Conversations For Transformation: Essays Inspired By The Ideas Of Werner Erhard

Conversations For Transformation

Essays By Laurence Platt

Inspired By The Ideas Of Werner Erhard

And More




Consumed By Inherited Significance

St Supéry Estate Vineyards & Winery, Rutherford, California, USA

February 21, 2019



"Suppose you had no past. That would be an interesting place to be in."  ... 
"Until what is significant is created by you, you aren't living your life: you are living some inherited life." ... 
"Most of the trouble in the world is caused by people wanting to be important." ... Thomas Stearns "TS" Eliot
This essay, Consumed By Inherited Significance, is the companion piece to On Having No Past.

It is also the fourth in a quadrilogy on Significance:
  1. It's Only Significant If I Say So
  2. The Significance - Not What Happened
  3. No Inherent Significance
  4. Consumed By Inherited Significance
in that order.



Werner's brilliant musing "Suppose you had no past ..." is a powerful "What if ...?"  that brings something extraordinary into view. Protests I've heard to this, include "But Laurence, why bother? It's impossible  to have no past. We all  have a past.". True, we all have a past, each and every one of us. So look: this idea of not having a past? It's intended to be provocative. And so, suitably provoked, you may also wonder if the possibility of not having a past belies and / or negates all valuables we carry with us from the past (education, experience, discrimination, learning, figuring-it-all-out etc)? Doesn't all of that count for something? Isn't all of that important?

Look: the arena for this, is a conversation for transformation ie a conversation which creates a context rather than merely debates points of view. There's a formidable coaching to be gotten from "Suppose you had no past ..." which doesn't belie, negate, discount, or discredit what we carry from the past. Rather it honors it all as the past. To take on the possibility of having no past as a position to disbelieve or believe, to disagree with or agree with, is to miss it entirely. "Suppose you had no past" evokes how we may experience who we really are today  if who we are today wasn't given by the past. In making this not easy supposition, Werner spotlights how we typically live our lives: unexamined, given  by our past. But if we had no past  (just suppose) then how would we experience who we are today?  ie what would it be like? Just stand and look. Let it in. It sounds simple. But it's not easy - at least not at first. Yet if you stay with it, it gives who you really are. It's pure, vintage Erhard.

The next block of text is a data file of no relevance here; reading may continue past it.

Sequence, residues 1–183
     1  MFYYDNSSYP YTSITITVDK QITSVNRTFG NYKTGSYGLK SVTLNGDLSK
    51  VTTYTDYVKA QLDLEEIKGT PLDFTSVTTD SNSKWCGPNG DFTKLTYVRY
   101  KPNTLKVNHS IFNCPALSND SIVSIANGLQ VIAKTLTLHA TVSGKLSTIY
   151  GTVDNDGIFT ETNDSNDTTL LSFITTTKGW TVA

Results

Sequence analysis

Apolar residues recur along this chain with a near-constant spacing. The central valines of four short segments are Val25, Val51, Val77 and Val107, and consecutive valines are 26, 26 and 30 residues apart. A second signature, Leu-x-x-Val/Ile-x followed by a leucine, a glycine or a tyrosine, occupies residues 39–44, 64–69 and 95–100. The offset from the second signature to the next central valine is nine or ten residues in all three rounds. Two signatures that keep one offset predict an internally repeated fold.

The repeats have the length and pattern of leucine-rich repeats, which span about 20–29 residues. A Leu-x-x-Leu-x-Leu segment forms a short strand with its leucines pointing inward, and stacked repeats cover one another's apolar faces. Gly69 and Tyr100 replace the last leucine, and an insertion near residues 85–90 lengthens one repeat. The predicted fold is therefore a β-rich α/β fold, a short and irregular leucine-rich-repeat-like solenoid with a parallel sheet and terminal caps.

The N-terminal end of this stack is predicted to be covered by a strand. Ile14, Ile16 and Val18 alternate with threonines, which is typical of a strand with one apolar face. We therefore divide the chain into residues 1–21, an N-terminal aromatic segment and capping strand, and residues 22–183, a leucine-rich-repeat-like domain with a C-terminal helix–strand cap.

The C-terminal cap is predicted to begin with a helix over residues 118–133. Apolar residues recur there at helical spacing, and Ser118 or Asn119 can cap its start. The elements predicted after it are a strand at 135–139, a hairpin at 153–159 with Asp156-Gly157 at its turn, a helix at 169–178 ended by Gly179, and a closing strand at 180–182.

Engaging in that inquiry as I mapped this essay, I wondered why it's so untenable to look at who we would be today if we had no past. No, much more than that: it's I wondered why it's so untenable to look at who we really are today, without the past getting in the way. Maybe, just maybe, it's an untenable inquiry because we're so consumed by the significance we inherited from the past, that we mistake it for who we really are, to the point where it's not possible  to consider who we really are, without it. So what keeps us stuck in not knowing who we really are, isn't the past. Rather it's the significance  we inherited from the past, which keeps us stuck.

This then, is worthwhile: inquiring into the past to notice we've inherited layers upon layers of significance. What's not obvious is who or what determined what exactly is significant, and what isn't ie what's not obvious is who or what the qualification for significance was. I'd like to suggest significance is decided not by you nor by me, but by what the culture  dictates - in other words, from what family determines, from what the group determines, from what religion determines, from what politics determines. What becomes significant for us I say, is a matter of what environment we grew up in, and most of it wasn't ever created by us. Significance is simply inherited, and it's rarely if ever examined. We just take it on  as if for granted, out of a sense of cultural identity, group-belonging, obligation, and maybe blind loyalty.

That's what, for the most part, gets in our way of recognizing for ourselves who we really are. We can't see who we really are today because our experience of it is consumed by inherited significance  from the past. Given the past, it seems as if there's no possible way we could see who we really  are. That could be bad news ...

... if not were not for the good news. The good news is the holder today of the significance of whatever's significant to us, is you and I. We forget  (or pretend not to know) it's we who inherited significance in the first place. What's significant, consumes us. By taking responsibility for inheriting what's significant in the first place, I reclaim my power - because then I have say-so over what's significant. Then I can choose whether or not to give up being consumed by it. If I'm not consumed by it, then what could show up like a possibility, is the experience of who I really am ie of who we really are. Now that  would be a very  interesting place to be in.



Communication Promise E-Mail | Home

© Laurence Platt - 2019 Permission